You are insolvent when your liabilities, exceed your assets. You must be declared insolvent through an application to the High Court. The purpose of a sequestration order is to enable the fair distribution of your assets to all your creditors in proportion to their claims. But you can be too poor to be sequestrated, the law requires that you must show a benefit to creditors and that has translated into a dividend of at least 20c in the rand. The law of insolvency exists, primarily, to benefit the creditors. That does not mean that you will not derive some form of benefit from the process, the sequestration inevitably relieves you from legal proceedings by creditors, and allows you, to free yourself from all unpaid, pre-sequestration debts. 
You may be sequestrated by way of voluntary surrender (yourself, or your agent), or through compulsory sequestration (your creditor/s, or their agent/s). The requirements differ for each process, with voluntary sequestration: (1) your estate must be insolvent, (2) sufficient free residue in your estate to pay for the costs of sequestration, (3) there must be an advantage to creditors. Compulsory sequestration requires the following: (1) the applicant has a claim against you (section 9(1) to enable it to apply for the sequestration of your estate. (2) you committed an act of insolvency, or is insolvent; and (3) reason to believe that sequestration will be advantageous to the creditors. A subset of compulsory sequestrations is that of ‘friendly sequestrations’ (when the creditor is a family member or friend). With a friendly sequestration special care must be taken to prove the actual indebtedness. Conradie J in a 1996 judgement summarised friendly sequestrations as follows:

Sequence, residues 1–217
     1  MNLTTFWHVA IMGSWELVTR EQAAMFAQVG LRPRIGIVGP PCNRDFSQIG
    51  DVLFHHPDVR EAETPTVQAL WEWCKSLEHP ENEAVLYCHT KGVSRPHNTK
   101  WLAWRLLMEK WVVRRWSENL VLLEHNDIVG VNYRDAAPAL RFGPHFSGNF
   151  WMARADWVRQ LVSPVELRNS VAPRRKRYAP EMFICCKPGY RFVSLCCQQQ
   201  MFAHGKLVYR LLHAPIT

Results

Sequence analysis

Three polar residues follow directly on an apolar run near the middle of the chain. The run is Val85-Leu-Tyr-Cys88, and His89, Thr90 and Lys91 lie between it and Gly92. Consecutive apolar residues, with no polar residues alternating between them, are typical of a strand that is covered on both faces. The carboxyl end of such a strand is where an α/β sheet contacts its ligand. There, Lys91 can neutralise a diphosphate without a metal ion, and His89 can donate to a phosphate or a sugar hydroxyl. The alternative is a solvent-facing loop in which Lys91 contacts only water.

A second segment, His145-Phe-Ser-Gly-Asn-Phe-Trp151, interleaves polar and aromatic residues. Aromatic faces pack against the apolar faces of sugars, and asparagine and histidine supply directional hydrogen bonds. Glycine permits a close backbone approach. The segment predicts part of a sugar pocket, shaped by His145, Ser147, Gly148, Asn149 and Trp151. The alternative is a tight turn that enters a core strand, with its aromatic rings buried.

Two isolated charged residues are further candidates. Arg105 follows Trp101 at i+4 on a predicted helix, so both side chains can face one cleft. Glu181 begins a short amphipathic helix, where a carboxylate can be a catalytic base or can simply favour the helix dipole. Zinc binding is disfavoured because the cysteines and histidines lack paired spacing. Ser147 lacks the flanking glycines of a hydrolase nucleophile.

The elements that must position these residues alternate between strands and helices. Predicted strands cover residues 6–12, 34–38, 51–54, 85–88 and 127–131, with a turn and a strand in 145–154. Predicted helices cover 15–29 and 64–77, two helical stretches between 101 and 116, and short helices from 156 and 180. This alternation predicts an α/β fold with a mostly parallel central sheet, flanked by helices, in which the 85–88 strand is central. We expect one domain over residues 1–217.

“Friendly sequestrations seem to share certain characteristics. Although, like pornography, they may be hard to define, they are easy to recognise” 
On that titillating note, this article is a simplified explanation of the process. If you wish to discuss this in more detail, please feel free to make contact with us.
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 R Sharrock, K van der Linde and A Smith “Hockley’s Insolvency Law” (9th ed) p 5
 Craggs v Dedekind; Baartman v Baartman & another; Van Jaarsveld v Roebuck; Van Aardt v Borret 1996 (1) SA 935 (C) 937